Petro Cholodny the Elder was born in 1876 in Pereiaslav in the Poltava region of Ukraine. Although he studied chemistry and physics, he nurtured his love for art by taking evening classes at the Murashko Drawing School. Cholodny began to exhibit his work in 1910. Active in the Ukrainian art community Cholodny co-founded the Organization of Ukrainian Visual Artists (Orhanizatsia Ukrains'kykh Pliastykiv) in 1911 and participated in their exhibitions.

In the years marking the struggle for Ukraine's independence, Cholodny the Elder worked in the Ministry of Education of the Ukrainian Central Rada as Deputy Minister and he is credited with initiating many reforms in the educational system. After resettling in Lviv, he emerged as a prominent spokesman for the arts, and in 1922 was one of the founders of the Group of Activists of Ukrainian Art (Hurtok Diachiv Ukrains'koho Mystectva). Petro Cholodny the Elder was an individuals whose work as an artist, a scholar, a political activist and a pedagogue made an impact on Ukrainian cultural development of the early 20th century. He died in 1930.

In the exhibition catalogue D. Darwych writes that the revival of the icon tradition in Western Ukraine is attributed in part to the work of Petro Cholodny the Elder and such fellow artists Modest Sosenko and Mykhailo Boichuk. Cholodny the Elder painted many icons and created numerous stained glass windows for churches. D. Darewych says that the iconostasis of the chapel of the Theological Seminary and the icons and stained glass windows of the Church of Dormition of the Mother of God in Lviv are recognized as his greatest achievement, "representing a synthesis of Western Ukrainian iconography, folk art and Art Nuveau."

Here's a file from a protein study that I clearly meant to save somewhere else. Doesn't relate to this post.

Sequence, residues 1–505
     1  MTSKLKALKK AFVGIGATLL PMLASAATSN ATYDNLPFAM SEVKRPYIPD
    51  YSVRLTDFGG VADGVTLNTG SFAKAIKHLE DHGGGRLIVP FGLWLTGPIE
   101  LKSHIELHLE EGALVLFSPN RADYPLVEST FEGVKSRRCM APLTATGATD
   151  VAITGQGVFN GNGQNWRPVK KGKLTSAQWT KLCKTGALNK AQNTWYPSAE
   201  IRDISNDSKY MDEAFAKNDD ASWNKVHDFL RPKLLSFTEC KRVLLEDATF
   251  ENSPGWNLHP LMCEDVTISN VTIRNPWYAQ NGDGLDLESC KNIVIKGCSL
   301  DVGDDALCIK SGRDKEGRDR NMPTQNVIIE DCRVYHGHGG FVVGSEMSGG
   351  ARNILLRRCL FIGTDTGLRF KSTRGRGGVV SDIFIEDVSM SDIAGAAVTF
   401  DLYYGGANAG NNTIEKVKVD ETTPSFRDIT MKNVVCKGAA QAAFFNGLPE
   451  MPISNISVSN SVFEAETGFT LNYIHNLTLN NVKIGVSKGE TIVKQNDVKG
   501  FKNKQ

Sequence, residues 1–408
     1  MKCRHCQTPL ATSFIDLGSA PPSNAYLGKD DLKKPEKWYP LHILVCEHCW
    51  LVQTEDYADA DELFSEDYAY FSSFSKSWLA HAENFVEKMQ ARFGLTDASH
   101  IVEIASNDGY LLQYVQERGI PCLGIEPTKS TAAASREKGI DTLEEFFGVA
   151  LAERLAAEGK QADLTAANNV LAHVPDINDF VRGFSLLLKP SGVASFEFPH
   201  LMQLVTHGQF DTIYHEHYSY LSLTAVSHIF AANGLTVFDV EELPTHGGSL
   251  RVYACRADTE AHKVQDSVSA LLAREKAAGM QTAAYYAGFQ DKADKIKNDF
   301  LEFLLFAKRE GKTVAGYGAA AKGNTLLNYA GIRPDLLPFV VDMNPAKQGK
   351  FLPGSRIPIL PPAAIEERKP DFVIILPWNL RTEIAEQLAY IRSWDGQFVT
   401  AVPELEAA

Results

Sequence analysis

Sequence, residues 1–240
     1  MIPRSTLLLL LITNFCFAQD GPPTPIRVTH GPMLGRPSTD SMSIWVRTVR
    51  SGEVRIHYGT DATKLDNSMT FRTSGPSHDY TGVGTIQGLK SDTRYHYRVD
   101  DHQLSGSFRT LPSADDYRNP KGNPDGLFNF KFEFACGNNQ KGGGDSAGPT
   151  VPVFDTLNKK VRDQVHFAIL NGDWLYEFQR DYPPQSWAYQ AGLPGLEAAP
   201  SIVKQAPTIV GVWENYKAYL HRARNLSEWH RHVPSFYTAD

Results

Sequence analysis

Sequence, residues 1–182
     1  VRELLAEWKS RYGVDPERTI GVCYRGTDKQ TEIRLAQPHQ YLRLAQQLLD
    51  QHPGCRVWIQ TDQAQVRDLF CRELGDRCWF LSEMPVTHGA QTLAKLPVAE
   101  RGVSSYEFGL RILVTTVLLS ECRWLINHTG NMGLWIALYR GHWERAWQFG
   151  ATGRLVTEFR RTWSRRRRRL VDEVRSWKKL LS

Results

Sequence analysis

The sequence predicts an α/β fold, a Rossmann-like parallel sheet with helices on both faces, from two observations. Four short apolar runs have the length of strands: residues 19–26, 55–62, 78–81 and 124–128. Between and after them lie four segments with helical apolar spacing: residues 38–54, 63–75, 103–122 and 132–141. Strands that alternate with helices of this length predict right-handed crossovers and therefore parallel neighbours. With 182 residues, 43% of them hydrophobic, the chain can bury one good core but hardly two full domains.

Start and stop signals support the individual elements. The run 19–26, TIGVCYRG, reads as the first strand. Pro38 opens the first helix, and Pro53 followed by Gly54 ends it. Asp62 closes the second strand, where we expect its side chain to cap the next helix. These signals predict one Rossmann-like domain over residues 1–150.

Petro Cholodny the Younger was born in Kyiv in 1902.. He studied art the Ukrainian Studio of Plastic Arts in Prague and at the Warsaw Art Academy, where he subsequently taught drawing and tempera painting. Active in Ukrainian art circles, he became a member of the Association of Independent Ukrainian Artists (Asotsiiatsia Nezalezhnykh Ukrains'kykh Myststiv - ANUM) in the 1930s. Following World War II the Cholodny family immigrated to the United States where he continued to work at his craft. He died in 1990.

Cholodny the Younger is credited with being one of the leading artists to revive the Ukrainian-Byzantine art traditions in the United States. There are numerous churches for which the artist created iconostasis, mosaics and stained glass windows, among them St. George Ukrainian Catholic Church in New York City, Ukrainian Orthodox Cathedral of St. Volodimir in New York City, St. Andrew's Ukrainian Orthodox Memorial Church in South Bound Brook, NJ, St. John the Baptist Ukrainian Catholic Church in Newark, NJ, and St. John the Baptist Ukrainian Catholic Church in Hunter, NY, to mention a few. He also created the iconostasis for the church of the Assumption of the Blessed Virgin Mary in Lourdes, France.

Daria Darewych states in the catalogue essay that "a limited palette of harmoniously contrasted sophisticated hues" characterizes the iconography of P. Cholodny the Younger. Although in some of his better known works such as the Annunciation (1980) and Nativity (1985) he "followed prototypes in composition and color symbolism," it is in privately commissioned icons that the influences of contemporary art trends are evident. V. Popvych calls Cholodny the Younger an "exceptional poet of color, who is capable of releasing a variety of moods through his use of color."